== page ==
The Reserve Bank of Australia governor Philip Lowe has warned that some superannuation funds could see their assets shrink by as much as 25 per cent from the government’s early-withdrawal provision that could see people tap up to $20,000 of their retirement savings early.

While Lowe conceded that redemptions would be “quite large” for some funds from the government scheme, he all but ruled out the central bank providing a liquidity support facility, at least for now, saying that the industry had had enough time to bolster its liquidity buffers and it would also need to pass a “public interest test”.

“The liquidity withdrawal from the super fund industry as a whole is perfectly manageable,” Lowe said on a conference call Tuesday, before adding that “some of the scenarios suggest that up to 20 or 25 per cent on the funds under management could be withdrawn for some particular funds.”

The government failed to consult the superannuation industry when it announced its new policy last month to help manage the economic fallout from the outbreak of the coronavirus. The policy has added further liquidity pressure on funds that were already reeling from a slump in equity markets and a spike in members switching their savings into cash. The concerns were said to have prompted some industry funds to ask the government for a backstop amid fears of excessive withdrawals.

The Australian Taxation Office sent its first batch of approved claims out to the super industry this week who now have five working days to transfer the money directly into their member’s bank account. More than 975,000 people registered their interest to withdraw their super early, though not everyone is expected to be approved. While the Treasury forecast that around 1.6 million people will likely make a claim totalling $27 billion, estimates among industry funds have forecast that figure to be closer to $65 billion.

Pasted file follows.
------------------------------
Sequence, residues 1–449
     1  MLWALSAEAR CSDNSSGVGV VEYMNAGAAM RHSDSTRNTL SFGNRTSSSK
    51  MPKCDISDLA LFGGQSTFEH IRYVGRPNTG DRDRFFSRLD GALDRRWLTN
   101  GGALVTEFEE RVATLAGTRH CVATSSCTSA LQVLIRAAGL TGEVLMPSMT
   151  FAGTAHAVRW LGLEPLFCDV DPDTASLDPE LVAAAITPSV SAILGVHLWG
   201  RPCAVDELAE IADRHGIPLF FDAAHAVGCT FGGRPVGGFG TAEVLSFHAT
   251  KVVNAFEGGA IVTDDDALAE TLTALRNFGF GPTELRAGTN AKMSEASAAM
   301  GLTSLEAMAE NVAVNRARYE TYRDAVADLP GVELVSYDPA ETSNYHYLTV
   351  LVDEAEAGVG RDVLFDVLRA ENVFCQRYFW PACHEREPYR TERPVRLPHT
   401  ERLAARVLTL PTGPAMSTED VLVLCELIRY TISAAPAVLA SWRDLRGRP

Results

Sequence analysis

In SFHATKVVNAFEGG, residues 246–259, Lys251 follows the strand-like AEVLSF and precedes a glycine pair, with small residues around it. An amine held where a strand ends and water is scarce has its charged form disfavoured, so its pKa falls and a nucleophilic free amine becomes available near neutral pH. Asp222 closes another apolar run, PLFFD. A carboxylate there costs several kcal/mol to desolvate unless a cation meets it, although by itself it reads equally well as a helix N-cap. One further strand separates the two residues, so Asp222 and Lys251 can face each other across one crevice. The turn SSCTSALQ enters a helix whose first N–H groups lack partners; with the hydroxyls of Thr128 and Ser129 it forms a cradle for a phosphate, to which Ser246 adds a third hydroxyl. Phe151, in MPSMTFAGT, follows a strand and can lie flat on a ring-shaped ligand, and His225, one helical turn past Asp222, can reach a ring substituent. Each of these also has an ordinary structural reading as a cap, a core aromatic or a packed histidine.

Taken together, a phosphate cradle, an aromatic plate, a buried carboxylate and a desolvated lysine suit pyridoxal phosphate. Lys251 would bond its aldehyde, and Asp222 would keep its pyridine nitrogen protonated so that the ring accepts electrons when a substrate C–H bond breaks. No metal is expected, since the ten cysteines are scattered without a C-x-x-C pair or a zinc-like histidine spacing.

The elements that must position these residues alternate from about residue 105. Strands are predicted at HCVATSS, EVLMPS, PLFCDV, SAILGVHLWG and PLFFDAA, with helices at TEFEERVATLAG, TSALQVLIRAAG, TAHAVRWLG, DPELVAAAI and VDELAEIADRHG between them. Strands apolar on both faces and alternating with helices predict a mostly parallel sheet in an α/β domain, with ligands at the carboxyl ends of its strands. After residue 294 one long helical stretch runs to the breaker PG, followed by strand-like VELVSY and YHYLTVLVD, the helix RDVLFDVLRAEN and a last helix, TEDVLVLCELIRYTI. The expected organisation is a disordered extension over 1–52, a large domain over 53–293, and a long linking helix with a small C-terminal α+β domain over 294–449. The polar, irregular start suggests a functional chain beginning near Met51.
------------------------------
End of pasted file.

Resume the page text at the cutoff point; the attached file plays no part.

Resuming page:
“Funds have now had a month to get ready and they have further time before those withdrawals will take place,” the governor said on the call.  “So I am confident that they will be able to meet the liquidity demands from their members. ”

Lowe added that if the RBA were to provide a liquidity backstop for those funds struggling to meet redemptions, the central bank would need to determine that it was required to support the stability of Australia’s financial system. “At the moment, we’re not in a position to conclude that,” he said.

Sarah Jones is the deputy editor of Investment Magazine. She previously worked for Bloomberg News in London for more than 12 years covering equity markets and global asset management. Prior to moving to the UK, she worked for Australian Associated Press in Sydney covering economics and monetary policy.
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